My “Edith” character from 2013, and Vinod Khosla (again)
Yes, I am Ann Landers. I re-use old posts whenever I can. But in this case I have a reason for doing so, because a fiction story that I wrote in 2013 has the potential to become less fictional.
The story was called “You will still take a cab to the doctor’s office. For a while.” It described a 95 year old woman named Edith and her May 2023 visit to the doctor’s office. She took a cab there:
Edith had booked and paid for the cab a month before the appointment, using the online Gacepple Calendar service. (Gacepple, of course, was the company that resulted from the merger of Google, Facebook, and Apple – the important merger that saved the tech industry in the United States from extinction. But I digress.) An hour before the appointment, Gacepple Calendar reminded Edith of her appointment, and five minutes later the Toyota in the street let her know that it had arrived. No, not the driver – there was no driver – but the Toyota itself.
Anyway, she gets to the doctor’s office. No doctor or nurse is present, but a voice guides her through the quick and painless examination.
!!!SPOILER ALERT SPOILER ALERT SPOILER ALERT!!!
After everything is done, Edith has a question.
“You’ve been very helpful. But I’ve always wondered exactly WHERE you were. If you were in Los Angeles, or in Mississippi, or perhaps in India or China, or perhaps even in one of the low-cost places such as Chad. If you don’t mind my asking, exactly where ARE you?”
“I don’t mind answering the question,” replied the friendly voice, “and I hope you don’t take my response the wrong way, but I’m not really a person as you understand the term. I’m actually an application within the software package that runs the medical center. But my programmers want me to tell you that they’re really happy to serve you, and that Stanford sucks.” The voice paused for a moment. “I’m sorry, Edith. You have to forgive the programmers – they’re Berkeley grads.”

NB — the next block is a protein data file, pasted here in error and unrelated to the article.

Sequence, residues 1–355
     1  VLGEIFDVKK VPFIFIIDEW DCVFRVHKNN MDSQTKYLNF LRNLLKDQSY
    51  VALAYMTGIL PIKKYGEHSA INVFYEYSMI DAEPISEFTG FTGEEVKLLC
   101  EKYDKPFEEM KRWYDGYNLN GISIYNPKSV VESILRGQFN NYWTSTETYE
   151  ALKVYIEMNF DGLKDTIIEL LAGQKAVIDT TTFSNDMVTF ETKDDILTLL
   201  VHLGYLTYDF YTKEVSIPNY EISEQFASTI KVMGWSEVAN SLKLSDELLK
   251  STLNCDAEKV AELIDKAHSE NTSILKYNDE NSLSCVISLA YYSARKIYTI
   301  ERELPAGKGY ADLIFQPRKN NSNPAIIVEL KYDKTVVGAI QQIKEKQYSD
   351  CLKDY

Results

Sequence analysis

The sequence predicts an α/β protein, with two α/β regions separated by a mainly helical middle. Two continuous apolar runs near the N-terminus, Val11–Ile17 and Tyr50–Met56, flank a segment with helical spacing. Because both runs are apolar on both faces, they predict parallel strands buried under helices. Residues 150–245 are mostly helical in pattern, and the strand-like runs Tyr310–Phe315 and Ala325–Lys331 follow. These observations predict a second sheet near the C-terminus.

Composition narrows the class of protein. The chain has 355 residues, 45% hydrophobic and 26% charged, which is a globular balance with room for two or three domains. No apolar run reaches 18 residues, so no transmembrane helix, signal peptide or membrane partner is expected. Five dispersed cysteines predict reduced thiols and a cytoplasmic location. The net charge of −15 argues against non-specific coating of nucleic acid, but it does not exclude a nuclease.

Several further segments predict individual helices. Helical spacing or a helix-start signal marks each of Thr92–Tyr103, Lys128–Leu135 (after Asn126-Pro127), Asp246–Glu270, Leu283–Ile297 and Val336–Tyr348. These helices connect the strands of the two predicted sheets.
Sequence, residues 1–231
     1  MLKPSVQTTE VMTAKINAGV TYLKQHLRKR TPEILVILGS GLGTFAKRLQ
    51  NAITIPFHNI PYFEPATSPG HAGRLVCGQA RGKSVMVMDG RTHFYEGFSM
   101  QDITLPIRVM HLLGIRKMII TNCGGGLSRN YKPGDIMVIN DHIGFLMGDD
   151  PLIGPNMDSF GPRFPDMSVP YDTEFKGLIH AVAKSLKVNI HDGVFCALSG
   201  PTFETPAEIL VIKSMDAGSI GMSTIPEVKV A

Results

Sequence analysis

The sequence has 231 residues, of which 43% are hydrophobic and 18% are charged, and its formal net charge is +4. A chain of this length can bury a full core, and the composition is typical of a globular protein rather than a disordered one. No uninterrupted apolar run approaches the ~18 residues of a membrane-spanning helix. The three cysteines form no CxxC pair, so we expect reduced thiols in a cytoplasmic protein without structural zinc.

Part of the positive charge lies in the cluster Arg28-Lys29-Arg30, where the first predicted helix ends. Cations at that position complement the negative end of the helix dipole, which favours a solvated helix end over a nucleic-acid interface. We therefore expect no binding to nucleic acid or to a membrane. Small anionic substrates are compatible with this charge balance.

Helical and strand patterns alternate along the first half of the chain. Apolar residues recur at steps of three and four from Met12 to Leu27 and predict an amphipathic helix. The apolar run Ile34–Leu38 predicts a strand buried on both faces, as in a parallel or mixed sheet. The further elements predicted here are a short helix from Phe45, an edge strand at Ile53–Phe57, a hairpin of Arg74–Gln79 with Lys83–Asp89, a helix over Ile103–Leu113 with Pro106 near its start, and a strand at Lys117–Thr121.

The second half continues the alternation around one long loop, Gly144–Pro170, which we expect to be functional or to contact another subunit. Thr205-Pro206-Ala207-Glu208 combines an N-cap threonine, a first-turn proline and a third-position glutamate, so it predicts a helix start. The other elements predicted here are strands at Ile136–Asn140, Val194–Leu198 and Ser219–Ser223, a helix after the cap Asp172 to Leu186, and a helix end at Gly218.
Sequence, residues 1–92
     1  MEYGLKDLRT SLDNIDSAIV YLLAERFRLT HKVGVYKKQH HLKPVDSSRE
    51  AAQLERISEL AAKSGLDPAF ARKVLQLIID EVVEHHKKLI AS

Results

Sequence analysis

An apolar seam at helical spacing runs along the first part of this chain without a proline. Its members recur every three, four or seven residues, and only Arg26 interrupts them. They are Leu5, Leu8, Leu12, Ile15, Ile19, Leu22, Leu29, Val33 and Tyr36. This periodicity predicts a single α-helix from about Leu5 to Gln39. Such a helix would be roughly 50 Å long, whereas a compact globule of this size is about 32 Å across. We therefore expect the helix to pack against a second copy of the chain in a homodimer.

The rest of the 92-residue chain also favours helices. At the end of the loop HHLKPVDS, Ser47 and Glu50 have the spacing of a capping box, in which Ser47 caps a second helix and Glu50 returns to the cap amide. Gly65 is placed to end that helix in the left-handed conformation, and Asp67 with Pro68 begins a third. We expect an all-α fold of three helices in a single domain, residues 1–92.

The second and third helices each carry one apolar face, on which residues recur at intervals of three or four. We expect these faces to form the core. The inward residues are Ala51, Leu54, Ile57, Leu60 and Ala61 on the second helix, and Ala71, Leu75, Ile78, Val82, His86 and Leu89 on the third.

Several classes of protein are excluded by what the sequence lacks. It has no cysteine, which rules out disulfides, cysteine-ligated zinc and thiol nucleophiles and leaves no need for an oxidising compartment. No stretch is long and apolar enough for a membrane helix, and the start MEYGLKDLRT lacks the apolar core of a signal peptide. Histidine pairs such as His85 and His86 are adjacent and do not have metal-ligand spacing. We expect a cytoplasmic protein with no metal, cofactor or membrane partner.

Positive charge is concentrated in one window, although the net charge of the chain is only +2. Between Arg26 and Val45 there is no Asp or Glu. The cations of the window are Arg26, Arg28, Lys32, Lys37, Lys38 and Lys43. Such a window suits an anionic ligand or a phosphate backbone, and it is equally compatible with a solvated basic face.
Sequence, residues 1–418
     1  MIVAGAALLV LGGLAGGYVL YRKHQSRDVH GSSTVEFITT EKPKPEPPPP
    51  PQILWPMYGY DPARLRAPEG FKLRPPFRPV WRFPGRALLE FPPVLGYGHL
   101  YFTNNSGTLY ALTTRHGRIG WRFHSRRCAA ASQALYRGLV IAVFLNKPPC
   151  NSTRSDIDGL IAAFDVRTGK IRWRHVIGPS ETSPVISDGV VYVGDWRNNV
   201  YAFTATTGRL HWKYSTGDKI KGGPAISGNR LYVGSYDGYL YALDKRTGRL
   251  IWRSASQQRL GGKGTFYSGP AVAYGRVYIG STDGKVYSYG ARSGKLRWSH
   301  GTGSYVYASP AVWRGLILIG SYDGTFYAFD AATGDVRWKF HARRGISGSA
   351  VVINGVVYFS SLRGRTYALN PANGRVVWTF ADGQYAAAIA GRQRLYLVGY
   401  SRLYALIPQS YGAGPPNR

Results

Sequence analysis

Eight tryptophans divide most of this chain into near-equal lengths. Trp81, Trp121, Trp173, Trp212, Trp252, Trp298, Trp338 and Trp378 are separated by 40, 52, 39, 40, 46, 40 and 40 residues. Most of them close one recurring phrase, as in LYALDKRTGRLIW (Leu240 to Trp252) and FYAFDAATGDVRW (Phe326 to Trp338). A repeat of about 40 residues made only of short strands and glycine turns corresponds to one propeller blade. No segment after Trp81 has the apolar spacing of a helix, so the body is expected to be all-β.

As time goes by, this scenario is becoming more and more realistic. We are already working on robot doctors that can navigate down the hall to a patient to take readings.
Meanwhile, Vinod Khosla is working on the other part of the scenario – the part where a software package, rather than a human, does the diagnostic work. I’ve mentioned Khosla before – once in regard to “meat”, and once in regard to medicine. Now, prompted by a Scott Nelson share, it’s time to look at a more recent article about Khosla.
When Khosla looks 10 or 15 years into healthcare’s future, he sees a medical landscape seething with data-hungry, intelligent algorithms like Google’s AlphaGo instead of doctors as we know them today.
“Medicine has improved a lot as a practice,” Khosla said. “But I think it’s time to take this practice of medicine and turn it into the science of medicine.”
To make that happen, Khosla thinks we have to hand medical expertise over to the machines.
Specifically, Khosla wants big data and big databases to do the heavy lifting that no single human could do.
Khosla said you can diagnose disease with a single biomarker—the chemical signature of sickness—or you can diagnose disease by looking at 300 biomarkers. You can look at the patient in front of you and compare them to the last few you’ve seen, or you can scan a database of 100 million patients for the last hundred or thousand with the same condition….
According to Khosla, Medicare patients have seven major conditions on average. Wouldn’t it be better to have AI look at those conditions comprehensively—and one doctor, not seven, talk the results over with the patient?
Note that in Khosla’s case, we would still have doctors around, but they would be hired for their empathy skills, and not necessarily for their ability to read every medical journal.
However, I still think that my model, in which there is no doctor at all, is the more accurate one.
Because of how business works.
The average American publicly-traded company, when forced to choose between a 100% computerized system with no doctor and a 100% computerizied system with a doctor, will choose the lower cost option.
After all, if you don’t have any employees, then you don’t have to pay for healthcare.